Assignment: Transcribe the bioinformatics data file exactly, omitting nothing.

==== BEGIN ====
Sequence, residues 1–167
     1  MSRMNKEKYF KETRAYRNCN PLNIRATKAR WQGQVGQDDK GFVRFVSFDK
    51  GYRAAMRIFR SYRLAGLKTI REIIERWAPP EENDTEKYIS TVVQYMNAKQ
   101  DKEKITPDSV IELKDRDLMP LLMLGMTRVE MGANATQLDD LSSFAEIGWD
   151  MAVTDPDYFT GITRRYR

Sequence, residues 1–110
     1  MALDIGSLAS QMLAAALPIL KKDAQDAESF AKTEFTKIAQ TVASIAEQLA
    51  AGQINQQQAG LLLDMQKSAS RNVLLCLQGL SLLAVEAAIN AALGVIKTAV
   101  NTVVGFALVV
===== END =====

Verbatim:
Sequence, residues 1–167
     1  MSRMNKEKYF KETRAYRNCN PLNIRATKAR WQGQVGQDDK GFVRFVSFDK
    51  GYRAAMRIFR SYRLAGLKTI REIIERWAPP EENDTEKYIS TVVQYMNAKQ
   101  DKEKITPDSV IELKDRDLMP LLMLGMTRVE MGANATQLDD LSSFAEIGWD
   151  MAVTDPDYFT GITRRYR

Sequence, residues 1–110
     1  MALDIGSLAS QMLAAALPIL KKDAQDAESF AKTEFTKIAQ TVASIAEQLA
    51  AGQINQQQAG LLLDMQKSAS RNVLLCLQGL SLLAVEAAIN AALGVIKTAV
   101  NTVVGFALVV